October 7th, 2012

Hours before Simchat Torah and I am (finally) posting about Sukkot. Figures. 

I would like to dedicate this post, if I may be so bold, to the memory of Rav Haim Lifshitz, z”l. He was my Rav’s father, a great tzaddik, who passed away this past Shabbat. May his family be comforted among the mourners of Zion and Jerusalem. 

The truth is that as much as I usually try to prepare in advance, this year my thoughts and feelings on Sukkot came through experiencing it, listening and learning throughout the holiday.

The word that kept coming back to me this year was vulnerability. I was inspired by a dvar Torah given by Sally Mayer at a fantastic simchat beit hashoeva gathering for women here in Neve Daniel. She gave over an idea she had learned from Drisha’s Rabbi Silber comparing the tone of the parasha we read before sukkot (Haazinu), around Yom Kippur, and that of Zot Habracha, the parsha we read on Shabbat during Sukkot. The former has a clear tone of remonstrance and warning, logically connected to a time of our judgement.

Zot Habracha in contrast, has more of a positive note going into our future. This is how we feel during Sukkot. Feeling hopeful that we have been forgiven by Hashem over Yom Kippur, we dwell in a sukkah which has often been mentioned as a move of intimacy with Hashem. We move out of our safe, comfortable homes and into a temporary hut, trusting in Hashem’s protection as was just promised us through our repentance and in the words of that final parsha.

Yet the intimacy, it seems to me, is linked to our increased vulnerability. The people to whom we feel the closest are almost always those to whom we feel the most vulnerable. Or that we can be vulnerable with. Yom Kippur is a time when we are our most open and vulnerable with Hashem. At least in the ideal, we have undergone a process of serious introspection and have opened our hearts, souls and mouths to cry out to G-d.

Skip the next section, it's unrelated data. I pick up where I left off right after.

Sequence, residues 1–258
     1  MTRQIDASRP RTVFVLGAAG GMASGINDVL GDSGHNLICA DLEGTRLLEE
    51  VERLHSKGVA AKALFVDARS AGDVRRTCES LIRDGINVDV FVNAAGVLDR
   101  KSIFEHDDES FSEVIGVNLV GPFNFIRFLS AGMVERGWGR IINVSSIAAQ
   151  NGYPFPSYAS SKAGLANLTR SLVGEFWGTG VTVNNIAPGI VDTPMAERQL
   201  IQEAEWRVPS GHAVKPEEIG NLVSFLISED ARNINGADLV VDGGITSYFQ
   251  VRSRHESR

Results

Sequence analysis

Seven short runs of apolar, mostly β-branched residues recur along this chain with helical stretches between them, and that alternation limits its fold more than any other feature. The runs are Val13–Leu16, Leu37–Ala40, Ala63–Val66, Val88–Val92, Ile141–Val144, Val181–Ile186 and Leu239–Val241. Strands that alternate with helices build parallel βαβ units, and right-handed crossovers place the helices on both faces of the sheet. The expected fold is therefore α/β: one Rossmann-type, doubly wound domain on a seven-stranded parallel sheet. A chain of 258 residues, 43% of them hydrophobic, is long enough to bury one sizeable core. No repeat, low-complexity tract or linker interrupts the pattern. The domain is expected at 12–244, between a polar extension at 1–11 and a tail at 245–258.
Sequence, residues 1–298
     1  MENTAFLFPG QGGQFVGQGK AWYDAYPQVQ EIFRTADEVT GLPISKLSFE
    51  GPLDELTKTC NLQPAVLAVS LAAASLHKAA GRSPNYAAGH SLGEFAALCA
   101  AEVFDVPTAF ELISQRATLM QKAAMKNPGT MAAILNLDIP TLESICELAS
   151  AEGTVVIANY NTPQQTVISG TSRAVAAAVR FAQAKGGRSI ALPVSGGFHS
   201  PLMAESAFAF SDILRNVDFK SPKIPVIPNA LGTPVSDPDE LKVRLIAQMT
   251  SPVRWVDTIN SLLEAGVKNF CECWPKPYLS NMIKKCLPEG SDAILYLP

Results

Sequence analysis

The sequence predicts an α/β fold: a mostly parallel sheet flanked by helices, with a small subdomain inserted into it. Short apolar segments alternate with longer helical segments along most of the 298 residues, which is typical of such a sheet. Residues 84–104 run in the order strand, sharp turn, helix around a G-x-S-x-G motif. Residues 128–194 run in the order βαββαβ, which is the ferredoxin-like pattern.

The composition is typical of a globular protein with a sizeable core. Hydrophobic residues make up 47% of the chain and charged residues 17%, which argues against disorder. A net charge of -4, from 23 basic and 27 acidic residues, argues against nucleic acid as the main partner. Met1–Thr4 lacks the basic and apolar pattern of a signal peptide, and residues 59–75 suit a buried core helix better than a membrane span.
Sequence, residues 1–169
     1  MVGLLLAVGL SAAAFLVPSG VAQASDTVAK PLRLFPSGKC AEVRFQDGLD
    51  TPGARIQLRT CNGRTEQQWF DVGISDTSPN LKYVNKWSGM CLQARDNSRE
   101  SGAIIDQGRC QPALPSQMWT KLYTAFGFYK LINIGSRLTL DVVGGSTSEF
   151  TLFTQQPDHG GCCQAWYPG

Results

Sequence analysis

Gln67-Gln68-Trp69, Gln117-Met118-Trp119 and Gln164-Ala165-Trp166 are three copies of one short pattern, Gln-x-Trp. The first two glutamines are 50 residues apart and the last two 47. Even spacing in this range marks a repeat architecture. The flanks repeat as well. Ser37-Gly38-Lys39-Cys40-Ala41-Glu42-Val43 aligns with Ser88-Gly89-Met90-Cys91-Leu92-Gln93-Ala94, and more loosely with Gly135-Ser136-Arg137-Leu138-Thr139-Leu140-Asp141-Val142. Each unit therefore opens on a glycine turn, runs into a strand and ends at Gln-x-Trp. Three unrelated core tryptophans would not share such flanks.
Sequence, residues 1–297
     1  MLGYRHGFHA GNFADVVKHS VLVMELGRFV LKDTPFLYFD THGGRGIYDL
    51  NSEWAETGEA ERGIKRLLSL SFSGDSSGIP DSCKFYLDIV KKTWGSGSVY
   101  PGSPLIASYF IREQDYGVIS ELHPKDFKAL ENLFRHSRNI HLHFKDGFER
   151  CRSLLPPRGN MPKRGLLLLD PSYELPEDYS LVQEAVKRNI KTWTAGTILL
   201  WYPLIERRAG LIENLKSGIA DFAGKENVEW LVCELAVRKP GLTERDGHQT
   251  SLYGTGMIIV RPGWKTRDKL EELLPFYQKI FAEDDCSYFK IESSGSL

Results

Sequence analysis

Following that, we feel closer, more loved, and move ourselves to a place of more physical vulnerability than our homes.  It is through that move that we express our feeling of closeness to G-d and demonstrate that we know that in this time he is also very close to us…..

Why does all of this occur to me this year?

Because I think that people living in Israel feel more vulnerable than Jews living elsewhere. Particularly Jews living where we do, the beautiful Judean Hills that some would like to call “settlements” or “territories” or even “illegal”. I call it Jewish soil that has been loved, worked on, and cried over by Jews for over 2,000 years. But no matter what you call it, Jews here feel vulnerable, and I think it is connected to why it feels easier here to feel close to Hashem. The vulnerability that we choose is a daily reminder of where our trust truly lies, and that there is no “safe” and “unsafe” there is only the will of our Creator.

The increased vulnerability of a sukkah versus your home is a myth. An illusion, of course. A sukkah doesn’t actually make us more vulnerable, it simply reminds us that we don’t get protection from our home, we get it from Hashem. Whatever will become of us will happen no matter where we eat our dinner or sleep tonight. The same is true of Jews and where they live around the world. Jews in this part of the world are no more or less safe than anywhere else. The dangers may have drastically different manifestations, but we all are equally vulnerable to the will of Hashem every moment of our lives.